The main findings of our survey of some 1400 landlords currently active in England showed: that large proportions of landlords were concerned about the cumulative effect of tax changes.
Landlords saw the change from mortgage interest rates to 20% credit as the most important tax change with 33% seeing it as significant to the operation of the landlord business.
The 3% SDLT surcharge came second, with 27% of landlords seeing it as significant; followed by changes in the treatment of furniture and fittings – 26% – and in the capital expenditure allowance – at 24%.
Overall 11% of landlords thought that the tax changes had made a decisive impact on their own plans; a further 15% thought they had made a major impact; and another 26% thought there had been some impact. Only 30% said their plans had not been affected.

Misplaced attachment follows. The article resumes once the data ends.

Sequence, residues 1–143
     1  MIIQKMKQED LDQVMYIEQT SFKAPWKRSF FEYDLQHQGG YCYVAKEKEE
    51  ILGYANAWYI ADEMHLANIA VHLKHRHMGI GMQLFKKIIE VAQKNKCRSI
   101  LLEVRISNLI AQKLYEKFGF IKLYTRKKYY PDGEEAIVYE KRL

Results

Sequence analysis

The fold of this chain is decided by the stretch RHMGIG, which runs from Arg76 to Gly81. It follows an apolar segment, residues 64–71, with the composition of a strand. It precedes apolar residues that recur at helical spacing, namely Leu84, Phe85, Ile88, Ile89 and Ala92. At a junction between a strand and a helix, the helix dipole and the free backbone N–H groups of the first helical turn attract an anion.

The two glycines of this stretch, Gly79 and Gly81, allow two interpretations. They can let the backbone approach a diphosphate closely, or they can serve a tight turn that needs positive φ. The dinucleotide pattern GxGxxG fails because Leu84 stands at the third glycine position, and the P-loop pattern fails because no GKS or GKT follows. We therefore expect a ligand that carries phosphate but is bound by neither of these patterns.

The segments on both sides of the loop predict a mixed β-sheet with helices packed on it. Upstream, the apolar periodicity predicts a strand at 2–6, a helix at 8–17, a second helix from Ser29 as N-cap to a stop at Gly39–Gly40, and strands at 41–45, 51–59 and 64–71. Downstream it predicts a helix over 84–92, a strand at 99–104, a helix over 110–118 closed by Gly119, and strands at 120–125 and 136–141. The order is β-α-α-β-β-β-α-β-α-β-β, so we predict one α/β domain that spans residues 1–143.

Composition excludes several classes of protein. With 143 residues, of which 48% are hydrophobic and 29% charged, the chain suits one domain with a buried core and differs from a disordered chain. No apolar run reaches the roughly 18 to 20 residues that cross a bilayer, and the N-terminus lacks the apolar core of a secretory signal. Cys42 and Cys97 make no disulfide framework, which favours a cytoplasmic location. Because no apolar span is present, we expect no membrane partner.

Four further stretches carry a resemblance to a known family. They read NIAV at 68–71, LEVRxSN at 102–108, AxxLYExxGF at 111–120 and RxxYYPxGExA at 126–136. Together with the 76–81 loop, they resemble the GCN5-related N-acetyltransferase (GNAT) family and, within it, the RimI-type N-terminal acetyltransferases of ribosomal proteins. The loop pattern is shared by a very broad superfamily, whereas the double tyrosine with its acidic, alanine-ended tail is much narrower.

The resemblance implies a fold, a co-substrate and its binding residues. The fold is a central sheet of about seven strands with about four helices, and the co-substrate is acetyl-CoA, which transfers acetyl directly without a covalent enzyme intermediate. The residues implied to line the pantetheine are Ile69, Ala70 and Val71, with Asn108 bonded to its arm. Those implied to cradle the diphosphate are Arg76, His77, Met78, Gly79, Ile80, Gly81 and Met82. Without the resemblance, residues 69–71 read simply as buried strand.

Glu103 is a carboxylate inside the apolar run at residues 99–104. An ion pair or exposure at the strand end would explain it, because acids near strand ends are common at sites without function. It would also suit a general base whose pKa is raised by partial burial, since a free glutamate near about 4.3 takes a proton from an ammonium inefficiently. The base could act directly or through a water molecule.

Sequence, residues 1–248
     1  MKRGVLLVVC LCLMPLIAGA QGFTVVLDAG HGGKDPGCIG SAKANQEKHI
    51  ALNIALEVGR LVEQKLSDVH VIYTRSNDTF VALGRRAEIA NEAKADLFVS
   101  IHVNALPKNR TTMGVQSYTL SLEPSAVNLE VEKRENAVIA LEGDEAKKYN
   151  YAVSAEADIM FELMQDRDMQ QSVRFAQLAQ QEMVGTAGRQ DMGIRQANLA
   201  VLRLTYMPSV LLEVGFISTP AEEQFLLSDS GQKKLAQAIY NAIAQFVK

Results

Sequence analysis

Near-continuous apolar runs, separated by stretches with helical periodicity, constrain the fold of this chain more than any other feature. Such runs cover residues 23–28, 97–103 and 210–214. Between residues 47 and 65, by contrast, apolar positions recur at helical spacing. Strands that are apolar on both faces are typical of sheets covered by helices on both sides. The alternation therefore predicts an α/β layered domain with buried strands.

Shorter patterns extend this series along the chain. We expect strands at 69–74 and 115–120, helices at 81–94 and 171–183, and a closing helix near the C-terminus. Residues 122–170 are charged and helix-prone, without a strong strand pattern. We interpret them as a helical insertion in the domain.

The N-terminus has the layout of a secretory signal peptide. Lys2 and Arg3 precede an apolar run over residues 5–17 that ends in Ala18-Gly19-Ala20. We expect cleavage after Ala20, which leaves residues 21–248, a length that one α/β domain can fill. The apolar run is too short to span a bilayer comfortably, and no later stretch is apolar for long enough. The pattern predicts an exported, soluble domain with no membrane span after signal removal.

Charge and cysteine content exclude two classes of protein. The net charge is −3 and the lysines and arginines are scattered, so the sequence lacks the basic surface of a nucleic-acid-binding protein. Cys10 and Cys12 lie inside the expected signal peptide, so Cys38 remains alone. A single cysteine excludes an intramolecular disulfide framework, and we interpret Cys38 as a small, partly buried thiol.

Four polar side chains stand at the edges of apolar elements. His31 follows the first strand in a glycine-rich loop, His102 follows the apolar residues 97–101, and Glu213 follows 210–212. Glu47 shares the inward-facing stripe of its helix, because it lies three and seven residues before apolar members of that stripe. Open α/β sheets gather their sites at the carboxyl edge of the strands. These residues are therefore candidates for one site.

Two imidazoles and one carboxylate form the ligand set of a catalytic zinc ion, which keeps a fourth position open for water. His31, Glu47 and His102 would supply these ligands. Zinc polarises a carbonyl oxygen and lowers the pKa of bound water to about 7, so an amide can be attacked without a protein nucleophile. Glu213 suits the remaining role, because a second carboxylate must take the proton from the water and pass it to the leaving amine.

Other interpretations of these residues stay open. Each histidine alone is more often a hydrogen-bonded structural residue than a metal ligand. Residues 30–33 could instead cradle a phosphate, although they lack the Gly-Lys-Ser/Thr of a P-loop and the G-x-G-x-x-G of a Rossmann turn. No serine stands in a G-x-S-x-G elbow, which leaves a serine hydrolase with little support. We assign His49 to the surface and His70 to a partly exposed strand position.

Those who identified the changes to mortgage tax relief (section 24) and to capital gains tax as significant were asked how each tax change had affected their landlord business: 39% said they were not proceeding with planned future purchase. 31% said they had put plans on hold. 28% said they were taking steps to leave the sector. 15% were restructuring their business
Coadjute powers forward with strategic Credas tie-up
As I have reported many times, there is an ever-quickening realignment of the major architecture pieces that will run the future of real estate. Software and new technologies are not just automating processes, they are ensuring a much higher grade of service twenty-four hours a day, seven days a week.